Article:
[CSP] Third Party Integrations and Privilege Separation

This is the fourth of four posts on our experience deploying Content Security Policy at Dropbox. If this sort of work interests you, we are hiring! We will also be at AppSec USA this week. Come say hi!

In previous blog posts, we discussed our experience deploying CSP at Dropbox, with a particular focus on the script-src directive that allows us to control script sources. With a locked down script-src whitelist, a nonce source, and mitigations to unsafe-eval, our CSP policy provided strong mitigations against XSS via injection attacks in our web application.

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[CSP] The Unexpected Eval

This is the third of four posts on our experience deploying Content Security Policy at Dropbox. If this sort of work interests you, we are hiring! We will also be at AppSec USA this week. Come say hi!

Previously, we discussed how at Dropbox we have deployed CSP at scale to protect against injection attacks. First, we discussed how we extract signal from violation reports to help create a host whitelist and restrict the sources of code running in our application. We also discussed how nonce sources allow us to mitigate XSS attacks due to content injections.

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[CSP] Unsafe-inline and nonce deployment

This is the second of four posts on our experience deploying Content Security Policy at Dropbox. If this sort of work interests you, we are hiring! We will also be at AppSec USA this week. Come say hi!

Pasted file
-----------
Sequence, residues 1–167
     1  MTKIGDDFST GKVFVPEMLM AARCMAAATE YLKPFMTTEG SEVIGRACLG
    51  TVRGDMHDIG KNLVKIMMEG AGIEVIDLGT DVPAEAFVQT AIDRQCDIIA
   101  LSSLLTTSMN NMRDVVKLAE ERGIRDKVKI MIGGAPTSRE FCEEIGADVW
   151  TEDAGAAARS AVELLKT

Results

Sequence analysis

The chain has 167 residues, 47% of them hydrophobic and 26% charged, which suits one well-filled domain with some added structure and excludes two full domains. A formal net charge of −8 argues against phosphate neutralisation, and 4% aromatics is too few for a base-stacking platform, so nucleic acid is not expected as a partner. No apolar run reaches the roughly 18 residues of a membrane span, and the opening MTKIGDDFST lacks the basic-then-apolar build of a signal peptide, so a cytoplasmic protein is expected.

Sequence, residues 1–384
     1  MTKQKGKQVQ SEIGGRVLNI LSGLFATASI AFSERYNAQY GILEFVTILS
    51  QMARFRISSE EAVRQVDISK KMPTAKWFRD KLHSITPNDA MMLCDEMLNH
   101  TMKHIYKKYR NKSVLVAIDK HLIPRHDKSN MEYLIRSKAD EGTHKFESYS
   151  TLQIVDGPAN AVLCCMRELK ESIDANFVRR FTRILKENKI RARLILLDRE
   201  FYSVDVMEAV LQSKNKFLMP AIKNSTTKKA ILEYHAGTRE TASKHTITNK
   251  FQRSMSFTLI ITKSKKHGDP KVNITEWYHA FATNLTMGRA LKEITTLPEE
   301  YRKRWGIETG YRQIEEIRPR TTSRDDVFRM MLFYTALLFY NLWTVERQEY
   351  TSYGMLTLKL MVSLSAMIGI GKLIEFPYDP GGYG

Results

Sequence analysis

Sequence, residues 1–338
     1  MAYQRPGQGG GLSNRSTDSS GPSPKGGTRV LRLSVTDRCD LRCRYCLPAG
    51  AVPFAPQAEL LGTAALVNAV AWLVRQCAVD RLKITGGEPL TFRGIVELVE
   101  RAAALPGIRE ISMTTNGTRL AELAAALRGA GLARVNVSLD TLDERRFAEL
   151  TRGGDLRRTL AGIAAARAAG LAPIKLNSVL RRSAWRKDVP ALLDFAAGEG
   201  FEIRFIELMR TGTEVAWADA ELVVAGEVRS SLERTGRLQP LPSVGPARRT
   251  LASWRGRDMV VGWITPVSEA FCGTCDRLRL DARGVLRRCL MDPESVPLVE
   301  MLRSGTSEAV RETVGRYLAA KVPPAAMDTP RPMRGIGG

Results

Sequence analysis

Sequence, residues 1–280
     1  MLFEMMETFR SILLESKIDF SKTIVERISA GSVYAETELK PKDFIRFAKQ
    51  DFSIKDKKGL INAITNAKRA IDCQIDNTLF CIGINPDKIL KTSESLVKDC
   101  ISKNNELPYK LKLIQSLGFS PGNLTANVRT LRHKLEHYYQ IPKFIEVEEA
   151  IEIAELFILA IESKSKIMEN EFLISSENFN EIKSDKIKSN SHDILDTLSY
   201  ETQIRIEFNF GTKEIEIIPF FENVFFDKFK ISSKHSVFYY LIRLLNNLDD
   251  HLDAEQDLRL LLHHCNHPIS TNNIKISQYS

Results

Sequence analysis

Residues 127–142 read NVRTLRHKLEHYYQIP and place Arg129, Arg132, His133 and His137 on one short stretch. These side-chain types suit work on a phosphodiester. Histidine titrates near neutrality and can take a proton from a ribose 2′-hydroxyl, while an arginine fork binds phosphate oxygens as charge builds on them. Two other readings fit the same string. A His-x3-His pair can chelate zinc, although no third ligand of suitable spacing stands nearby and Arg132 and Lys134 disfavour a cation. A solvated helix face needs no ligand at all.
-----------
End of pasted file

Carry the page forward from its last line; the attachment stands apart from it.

In the previous post, we discussed how to filter reports and deploy content source whitelists using CSP for the website. Typically, the most important content sources to whitelist are the source of your code, as defined by the script-src (and the object-src directive). A standard content-security-policy deployment will typically include a list of allowed domains like the main website and trusted CDNs in script-src as well as directives like 'unsafe-inline' and 'unsafe-eval'.

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[CSP] On Reporting and Filtering

This is the first of four posts on our experience deploying Content Security Policy at Dropbox. If this sort of work interests you, we are hiring! We will also be at AppSec USA this week. Come say hi!

At Dropbox, we are big fans of Content Security Policy or CSP. For those not familiar with the specification, I recommend reading Mike West’s excellent introduction to CSP. A quick recap: at its core, CSP is a declarative mechanism to whitelist content sources (such as sources for scripts,

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